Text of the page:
BEGINNER SURF DESTINATIONS

surf holiday beginner

The Best Worldwide Beginner Surf Destinations

Even though our surf camp is in the Dominican Republic, we are also surfers ourselves and have traveled extensively for years in the search for waves to catch.

Based on our experience, here are our top beginner surf destinations in the world, which could also suit intermediate and expert surfers.

Dominican Republic.

We must begin with one of our own places of course: Swell Cabarete is located on the North Coast of the Dominican Republic. We very deliberately chose this location after having visited many countries around the globe which might have been suitable as a place to build a surf camp, especially a surf camp which offers perfect, complete-beginner waves for learning to surf.

The boxes we feel that must be ticked to be considered a great beginner surf destination are as follows:

  • Consistency of surf
  • Are there waves for multiple levels of surfers?
  • Are there any dangers in or out of the water?
  • Ease of access to the waves
  • Distance to an international airport

Consistency of surf

To be suitable as a beginner surf camp destination we need to be able to offer our guests surfable waves at least 300+ days of the year.

The North coast delivers on this, with at least 340+ days of surfable waves at Playa Encuentro.

surfing dominican republic

Waves for multiple levels of surfers

Of course, not everyone is a beginner surfer, so in order to consistently make it into the top ten surfing destinations, a great surf camp needs to cater not just for complete beginners, but for intermediate and even expert surfers. Fortunately for us at Swell in Cabarete, once again Playa Encuentro delivers; there are multiple waves and different peaks, all within a short walk from each other. From mellow inside beginner waves to big barreling waves on shallow reefs for expert surfers + everything in between.

Are there any dangers in or out of the water?

Playa Encuentro is also a very safe spot to surf or to learn to surf because there are no dangers in or under the water. Tidal differences are minimal so getting injured from the reef bed is almost impossible. There are no dangerous rips or currents at Playa Encuentro, so there’s no danger of being dragged out to sea.
Neither are there sharks or other dangerous sea life (for example crocodiles and sharks as can be seen in certain parts of Costa Rica) so the Dominican Republic scores very highly on this element too. It also helps to have very warm water year-round, so another bonus point is scored there.

Ease of access to the waves

‘Highway surfing’ is not a term that surfers want to hear as it means they are constantly on the search for waves, without finding them. Again, the Dominican Republic’s waves score highly on the ease of access criteria; it’s only a journey of 10 minutes to a charming, completely unspoiled surf beach.

neno swell

Distance to an international airport

Just as with the afore-mentioned highway surfing we also wanted to minimize the travel time for our clients, so we wanted to be close to an international airport. Our location in Cabarete is just 25 minutes from Puerto Plata international airport (code POP). Santiago International airport (airport code STI) is one and a half hours away. Santo Domingo international airport (airport code SDQ) is also an option at 3 hours car journey time and with buses on offer running north every hour during the day.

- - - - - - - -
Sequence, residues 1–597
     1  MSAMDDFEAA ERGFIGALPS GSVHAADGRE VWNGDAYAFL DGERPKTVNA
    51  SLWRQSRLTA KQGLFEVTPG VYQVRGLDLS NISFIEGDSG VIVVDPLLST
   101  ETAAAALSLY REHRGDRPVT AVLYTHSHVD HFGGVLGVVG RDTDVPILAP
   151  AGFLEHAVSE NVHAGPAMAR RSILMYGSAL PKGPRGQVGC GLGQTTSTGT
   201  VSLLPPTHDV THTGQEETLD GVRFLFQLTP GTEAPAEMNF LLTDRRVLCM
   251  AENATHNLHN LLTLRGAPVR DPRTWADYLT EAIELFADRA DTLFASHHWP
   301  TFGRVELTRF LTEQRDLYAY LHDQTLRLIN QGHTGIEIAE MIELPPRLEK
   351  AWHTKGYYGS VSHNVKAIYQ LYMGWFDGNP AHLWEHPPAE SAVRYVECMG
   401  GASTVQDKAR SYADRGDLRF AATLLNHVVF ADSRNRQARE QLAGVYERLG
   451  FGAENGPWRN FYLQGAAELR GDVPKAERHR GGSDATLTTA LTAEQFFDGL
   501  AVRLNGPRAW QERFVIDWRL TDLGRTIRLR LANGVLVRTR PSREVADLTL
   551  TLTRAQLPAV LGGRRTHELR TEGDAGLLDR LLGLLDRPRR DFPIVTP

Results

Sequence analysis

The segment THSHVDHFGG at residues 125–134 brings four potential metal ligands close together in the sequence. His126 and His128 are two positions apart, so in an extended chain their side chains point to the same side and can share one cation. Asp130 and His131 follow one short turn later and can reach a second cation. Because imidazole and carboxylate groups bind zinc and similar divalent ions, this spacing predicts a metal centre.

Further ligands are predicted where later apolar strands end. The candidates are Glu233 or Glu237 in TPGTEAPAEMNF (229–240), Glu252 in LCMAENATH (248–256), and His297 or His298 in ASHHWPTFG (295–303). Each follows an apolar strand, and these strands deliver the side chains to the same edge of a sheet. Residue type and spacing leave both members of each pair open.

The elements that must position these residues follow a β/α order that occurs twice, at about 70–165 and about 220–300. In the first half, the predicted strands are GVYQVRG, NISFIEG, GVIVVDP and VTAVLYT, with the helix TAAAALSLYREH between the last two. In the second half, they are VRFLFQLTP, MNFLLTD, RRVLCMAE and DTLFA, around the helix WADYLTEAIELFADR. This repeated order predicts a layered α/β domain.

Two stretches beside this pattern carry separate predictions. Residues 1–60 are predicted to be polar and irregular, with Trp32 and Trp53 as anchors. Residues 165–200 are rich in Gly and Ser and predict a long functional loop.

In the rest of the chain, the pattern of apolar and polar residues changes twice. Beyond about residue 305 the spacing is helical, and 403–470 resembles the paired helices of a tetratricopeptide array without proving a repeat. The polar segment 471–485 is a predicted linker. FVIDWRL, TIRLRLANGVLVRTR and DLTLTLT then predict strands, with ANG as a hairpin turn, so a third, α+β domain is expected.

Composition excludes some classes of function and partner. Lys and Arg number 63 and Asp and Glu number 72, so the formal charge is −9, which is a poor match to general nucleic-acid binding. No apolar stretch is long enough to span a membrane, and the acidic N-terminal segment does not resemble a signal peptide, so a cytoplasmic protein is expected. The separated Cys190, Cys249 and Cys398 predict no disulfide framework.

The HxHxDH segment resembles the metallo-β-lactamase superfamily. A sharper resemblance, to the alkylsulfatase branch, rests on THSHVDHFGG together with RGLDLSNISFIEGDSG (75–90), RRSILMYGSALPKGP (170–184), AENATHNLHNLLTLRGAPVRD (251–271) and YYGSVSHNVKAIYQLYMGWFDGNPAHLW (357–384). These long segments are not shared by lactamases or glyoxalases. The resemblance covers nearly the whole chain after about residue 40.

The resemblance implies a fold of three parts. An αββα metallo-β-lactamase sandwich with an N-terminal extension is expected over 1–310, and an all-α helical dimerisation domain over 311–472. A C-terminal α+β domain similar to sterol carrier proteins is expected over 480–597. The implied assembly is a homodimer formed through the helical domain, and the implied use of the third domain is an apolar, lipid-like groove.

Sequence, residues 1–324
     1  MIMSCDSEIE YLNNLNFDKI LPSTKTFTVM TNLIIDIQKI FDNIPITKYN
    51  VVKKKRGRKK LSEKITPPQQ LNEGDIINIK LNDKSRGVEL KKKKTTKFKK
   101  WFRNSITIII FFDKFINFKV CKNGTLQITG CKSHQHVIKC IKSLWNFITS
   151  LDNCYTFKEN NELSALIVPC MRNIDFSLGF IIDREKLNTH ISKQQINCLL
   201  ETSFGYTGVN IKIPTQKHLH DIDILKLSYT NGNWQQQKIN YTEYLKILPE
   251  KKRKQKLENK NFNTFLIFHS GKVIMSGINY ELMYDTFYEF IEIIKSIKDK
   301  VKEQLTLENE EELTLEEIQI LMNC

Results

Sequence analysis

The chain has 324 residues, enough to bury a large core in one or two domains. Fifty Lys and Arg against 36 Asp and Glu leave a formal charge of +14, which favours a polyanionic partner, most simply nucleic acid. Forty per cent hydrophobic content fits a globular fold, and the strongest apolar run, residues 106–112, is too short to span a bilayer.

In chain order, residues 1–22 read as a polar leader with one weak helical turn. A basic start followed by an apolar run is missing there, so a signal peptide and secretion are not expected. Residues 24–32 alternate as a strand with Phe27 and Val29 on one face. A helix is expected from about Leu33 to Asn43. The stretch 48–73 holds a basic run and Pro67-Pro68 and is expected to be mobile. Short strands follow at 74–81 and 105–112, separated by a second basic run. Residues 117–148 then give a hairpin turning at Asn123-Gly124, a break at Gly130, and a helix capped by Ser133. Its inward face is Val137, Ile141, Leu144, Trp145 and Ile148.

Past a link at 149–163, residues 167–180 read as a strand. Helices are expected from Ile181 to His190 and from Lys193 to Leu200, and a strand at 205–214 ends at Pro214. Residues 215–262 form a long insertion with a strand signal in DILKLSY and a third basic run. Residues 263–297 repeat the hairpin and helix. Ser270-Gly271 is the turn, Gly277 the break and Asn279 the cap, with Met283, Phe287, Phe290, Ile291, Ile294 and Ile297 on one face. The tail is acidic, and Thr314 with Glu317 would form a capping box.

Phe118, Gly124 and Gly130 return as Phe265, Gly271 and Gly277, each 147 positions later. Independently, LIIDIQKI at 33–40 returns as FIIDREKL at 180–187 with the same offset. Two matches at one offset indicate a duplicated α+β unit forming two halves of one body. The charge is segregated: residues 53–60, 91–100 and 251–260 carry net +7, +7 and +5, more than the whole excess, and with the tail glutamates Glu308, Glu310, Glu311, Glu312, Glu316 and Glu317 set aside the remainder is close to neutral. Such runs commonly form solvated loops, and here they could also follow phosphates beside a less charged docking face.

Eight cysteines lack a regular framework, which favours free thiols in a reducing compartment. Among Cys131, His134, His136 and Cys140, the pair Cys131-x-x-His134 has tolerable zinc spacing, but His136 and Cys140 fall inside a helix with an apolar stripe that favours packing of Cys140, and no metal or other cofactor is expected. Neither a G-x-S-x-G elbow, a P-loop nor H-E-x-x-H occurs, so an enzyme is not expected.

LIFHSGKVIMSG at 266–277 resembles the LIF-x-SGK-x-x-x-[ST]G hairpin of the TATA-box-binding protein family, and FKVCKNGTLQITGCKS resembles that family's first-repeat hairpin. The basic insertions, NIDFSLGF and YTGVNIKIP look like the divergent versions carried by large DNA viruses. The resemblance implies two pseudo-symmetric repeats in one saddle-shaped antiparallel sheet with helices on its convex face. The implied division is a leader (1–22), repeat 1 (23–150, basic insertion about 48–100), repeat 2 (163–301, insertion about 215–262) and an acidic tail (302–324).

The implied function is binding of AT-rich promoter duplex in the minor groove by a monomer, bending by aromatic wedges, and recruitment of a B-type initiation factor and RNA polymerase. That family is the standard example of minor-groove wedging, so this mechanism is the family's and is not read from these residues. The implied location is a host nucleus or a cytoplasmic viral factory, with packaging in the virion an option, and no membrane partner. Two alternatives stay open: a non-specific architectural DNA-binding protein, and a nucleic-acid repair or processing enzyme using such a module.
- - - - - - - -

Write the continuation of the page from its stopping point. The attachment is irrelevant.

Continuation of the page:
Because Cabarete and Playa Encuentro ticked all the right boxes, that’s where we put our first, purpose-built surf camp.  We haven’t talked much about other important criteria, such as choice and quality of food, the beauty of beaches, additional activities on offer, or an available party scene when required, but Cabarete has all of these too, so it still remains our firm No.1 complete-beginner surf destination.

We have clients who come and visit us year after year and always at some point, they ask us ‘Are there any other surf camp destinations that you can recommend to me since I love the whole Swell experience, but want to visit a new country?’ Because of this, we have just completed our 2nd Surf hotel, Swell Bali

Bali & Indonesia

Indonesia is widely regarded as one of the best countries in the world for surf.  It enjoys 100’s of world-class surfing spots dotted along its many thousands of different islands.  But Bali in particular is famous for its waves: A small island with a huge variety of surf spots to suit surfers of all levels, from complete beginners to experts looking for big barrels.  It’s the home of legendary waves like Uluwatu, Padang Padang, Impossibles and Bingin.  These are only a handful of what’s on offer though, there are tons more and all within a short distance.   Bingin village is the location we chose to build our new Bali Surf Hotel.  Bingin is one of the best waves in Bali at low tide, but at higher tides is an ideal place to learn to surf or to get those smaller green waves intermediate surfers love.

Pros:

    • High-quality surf for surfers of all levels
    • Year-round surf
    • Bali’s surfing beaches are all within a short drive from the international airport of Denpasar (DPS)
    • Warm water year-round
    • Stunning scenery
    • Serene Hindu culture
    • Notoriously friendly Balinese people
    • Famously delicious and cheap local food + a huge variety of good Western restaurants at very reasonable prices.
    • Lots to do other than surfing

Cons:

  • Bali is usually quite a long journey from Europe and the Americas.
  • Can be rainy between December and March

More info in available here:  surfing in Bali

Where else in the world can you learn to surf? 

As mentioned earlier, we have also visited more than 20+ surf destinations and countries over the last 25 years in our search for waves and fun.  Here is our honest opinion on some of them:

Costa Rica

Costa Rica is still one of the most popular tourist destinations in the world and surf tourism is growing fast there.  It’s mountainous and beautiful and there are some fine surf camps and surf resorts in Costa Rica, suitable for an awesome surf holiday.

Pros:

  • Very pretty country and scenery
  • Famous for its nature and animal/reptile species
  • Some good surf spots available
  • Lots of eco-tourism
  • Politically safe country
  • Plenty of flights to Costa Rica from lots of countries

Cons:

  • Costa Rica has become very expensive in recent years: on average 40 to 70% more expensive than a surf holiday to another comparable destination such as Bali or the Dominican Republic
  • Many of the surf areas are remote and require long road journeys or another internal flight once you have arrived at San Jose airport.  Travel time from the airport to the beach can be between 4 and 8 hours depending on where you stay.
  • The surf can be crowded these days
  • Theft is an issue
  • People say that Costa Rica has become too ‘Americanised’
  • Not a wide choice for eating out in these remote surfing areas and food choices can be very limited/rather expensive
  • Some known water hazards, such as crocodiles at river mouth spots.